‘My biggest ambition in life has always been to see myself playing alongside some of the world’s biggest footballers in England or Spain,’ Musa Sani said immediately after the evening training session ended.
The Boko Haram crisis has meant a lot of camps have been set up for internally displaced people across Nigeria. Yidimi Camp in the country’s capital Abuja is for those seeking refuge from the troubled north-eastern part of the country.
Stories of struggle, hardship and suffering are being squeezed out from the refugees by some of the international media who hang around the camp. When it comes to Boko Haram, the media only seem to be after stories of what these people saw, endured and left behind.
These young men lost loved ones in the war but they will not let anything get in the way of their dreams.
But for me, it was about getting stories of sporting dreams being kept alive. It was about the hope, which still exists throughout the camp that all will turn out well after the troubles are over.
At only 17 years old, Musa Sani and Yohana John are some of the youngsters who lost loved ones in the war but they will not let anything get in the way of their dreams.
Every morning at 7am and 5pm in the evenings, the boys meet at the neighbouring Kuje local-education-authority primary-school pitch for their usual training session.
They have been doing this since they got ball and kit donations from an unnamed philanthropist who knows how vital sports could be for kids like John who lost both parents in Baga massacre in January.
‘I wasn’t at home when it happened; I’d left for a boarding school in Maiduguri; and two days later the news was everywhere of what had happened. A few days later our school was closed due to fears of attack and I joined a friend’s family at this place,’ John said while removing his football boots.
The sixteen children that turned up all emphasised how important the day’s session has become for them.
‘Arsenal inspired me to take up football for good. We had a “soccer-viewing house” in my town; it’s where we all would meet to watch sports of all sorts but as in everywhere, the English Premier League is the most popular.’
Before he only played the game for fun but it was watching Arsène Wenger’s team – they eliminated Italian giants AC Milan on their way to reaching the UEFA Champions League semifinal in 2008 – that helped him made up his mind that football is what he wants to do for a career.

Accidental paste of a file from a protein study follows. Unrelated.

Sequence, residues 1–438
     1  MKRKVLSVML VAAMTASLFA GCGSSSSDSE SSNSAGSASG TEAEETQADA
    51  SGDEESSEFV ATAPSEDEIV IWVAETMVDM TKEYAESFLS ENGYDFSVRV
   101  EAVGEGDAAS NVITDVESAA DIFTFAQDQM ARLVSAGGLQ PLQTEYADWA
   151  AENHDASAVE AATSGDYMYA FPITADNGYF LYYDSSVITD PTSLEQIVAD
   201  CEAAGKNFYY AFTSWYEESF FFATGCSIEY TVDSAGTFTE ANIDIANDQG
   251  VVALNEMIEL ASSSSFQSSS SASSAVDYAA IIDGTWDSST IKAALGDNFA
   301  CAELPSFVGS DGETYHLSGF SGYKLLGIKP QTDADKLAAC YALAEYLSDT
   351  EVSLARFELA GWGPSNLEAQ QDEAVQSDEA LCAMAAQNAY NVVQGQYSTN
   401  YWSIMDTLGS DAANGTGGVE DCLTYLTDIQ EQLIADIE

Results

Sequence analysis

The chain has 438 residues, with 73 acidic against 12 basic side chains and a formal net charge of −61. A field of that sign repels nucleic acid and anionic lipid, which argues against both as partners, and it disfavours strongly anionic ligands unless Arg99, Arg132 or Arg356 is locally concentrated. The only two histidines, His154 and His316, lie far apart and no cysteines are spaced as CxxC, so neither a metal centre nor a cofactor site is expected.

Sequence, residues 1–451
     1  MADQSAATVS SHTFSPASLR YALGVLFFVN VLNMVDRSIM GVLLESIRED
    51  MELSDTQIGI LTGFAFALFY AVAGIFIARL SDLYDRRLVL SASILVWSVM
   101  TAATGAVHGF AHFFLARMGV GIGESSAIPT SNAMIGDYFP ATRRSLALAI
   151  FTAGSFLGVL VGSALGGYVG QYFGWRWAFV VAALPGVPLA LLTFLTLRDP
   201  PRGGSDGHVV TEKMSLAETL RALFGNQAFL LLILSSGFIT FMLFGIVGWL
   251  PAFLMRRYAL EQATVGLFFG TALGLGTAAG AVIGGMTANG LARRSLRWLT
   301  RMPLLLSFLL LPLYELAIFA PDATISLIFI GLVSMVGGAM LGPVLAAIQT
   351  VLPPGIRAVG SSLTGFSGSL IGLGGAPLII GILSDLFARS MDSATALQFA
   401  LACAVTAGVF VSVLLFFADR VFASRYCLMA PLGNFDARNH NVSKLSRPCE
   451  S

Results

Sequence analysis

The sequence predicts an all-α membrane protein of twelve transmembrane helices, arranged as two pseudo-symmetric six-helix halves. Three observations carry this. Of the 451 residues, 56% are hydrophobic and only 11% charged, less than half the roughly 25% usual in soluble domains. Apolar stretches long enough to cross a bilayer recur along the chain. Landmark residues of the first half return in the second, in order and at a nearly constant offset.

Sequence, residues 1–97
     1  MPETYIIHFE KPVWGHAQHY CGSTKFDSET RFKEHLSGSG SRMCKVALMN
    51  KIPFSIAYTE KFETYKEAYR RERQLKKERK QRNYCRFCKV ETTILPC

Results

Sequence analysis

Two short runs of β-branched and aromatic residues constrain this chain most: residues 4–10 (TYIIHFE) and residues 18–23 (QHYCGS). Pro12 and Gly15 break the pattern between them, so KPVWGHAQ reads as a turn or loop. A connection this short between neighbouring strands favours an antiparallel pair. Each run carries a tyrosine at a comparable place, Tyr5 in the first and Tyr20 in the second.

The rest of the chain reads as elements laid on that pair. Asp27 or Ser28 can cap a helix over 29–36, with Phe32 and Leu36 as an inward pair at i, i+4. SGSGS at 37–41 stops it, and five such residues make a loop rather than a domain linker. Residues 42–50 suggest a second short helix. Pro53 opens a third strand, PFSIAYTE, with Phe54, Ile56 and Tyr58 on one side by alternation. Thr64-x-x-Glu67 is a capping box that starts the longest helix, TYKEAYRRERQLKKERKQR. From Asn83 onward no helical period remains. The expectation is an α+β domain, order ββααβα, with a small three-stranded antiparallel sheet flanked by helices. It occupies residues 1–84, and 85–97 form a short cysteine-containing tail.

The sixteen children that turned up for the day’s session all emphasised how important this has become for them considering they all have dreams of going into football full time.
It has also helped them psychologically after what some of them have gone through: fleeing terror; sleeping inside bushes for days; before finally finding a place of refuge in Yidimi camp.
‘I would like to call on the National Sports Commission, agents and club owners to come to our aid in terms of selecting us for organised youth amateur teams.’
The most interesting part of this story is that the training sessions are organised so that one would assume there’s a senior figure who acts as a coach.
Sani who is responsible for keeping the balls and kits with him uses a whistle to call out other players when it’s time for training.
‘I would like to call on the National Sports Commission, agents and club owners to come to our aid in terms of selecting us for organised youth amateur teams; I’m sure when they come to watch us play they will be impressed,’ Sani said.
He also said that since they started three months ago, no one has taken notice of their efforts with a view to helping them..
‘People pass by see us playing football and just assume we are just killing time not knowing that we see this as a step to greater things. By the grace of God some of us will be representing Arsenal, Barcelona and Chelsea in some years to come.’
There are no fans to cheer them on but credit to them for still having the strong belief to carry on.
Other events at the camp – like the distribution of food and other basic essentials – gather huge crowds. The media often make up a large proportion of those gathered there; but they sometimes seem to be there more for a propaganda mission (to prove that government or other corporate bodies do care about the displaced people’s plight).
These boys mostly play to an empty crowd; there is no one there to guide them technically. There are no fans to cheer them on but credit to them for still having the strong belief to carry on.
After putting the ball and kits into a tattered bag, Sani turned and said, ‘Now it’s time for dinner before we come back again tomorrow.’